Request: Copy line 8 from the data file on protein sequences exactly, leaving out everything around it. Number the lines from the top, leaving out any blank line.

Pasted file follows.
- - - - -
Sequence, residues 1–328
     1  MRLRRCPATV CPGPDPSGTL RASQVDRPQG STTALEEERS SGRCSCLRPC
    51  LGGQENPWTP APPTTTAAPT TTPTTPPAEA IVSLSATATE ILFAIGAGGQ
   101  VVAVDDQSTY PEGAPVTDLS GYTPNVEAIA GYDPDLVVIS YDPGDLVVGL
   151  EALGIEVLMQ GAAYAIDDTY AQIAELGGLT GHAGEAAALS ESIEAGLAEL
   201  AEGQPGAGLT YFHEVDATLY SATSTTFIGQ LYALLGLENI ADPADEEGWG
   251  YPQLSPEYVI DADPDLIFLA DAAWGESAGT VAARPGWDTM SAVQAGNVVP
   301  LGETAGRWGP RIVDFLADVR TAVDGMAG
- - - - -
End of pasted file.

   301  LGETAGRWGP RIVDFLADVR TAVDGMAG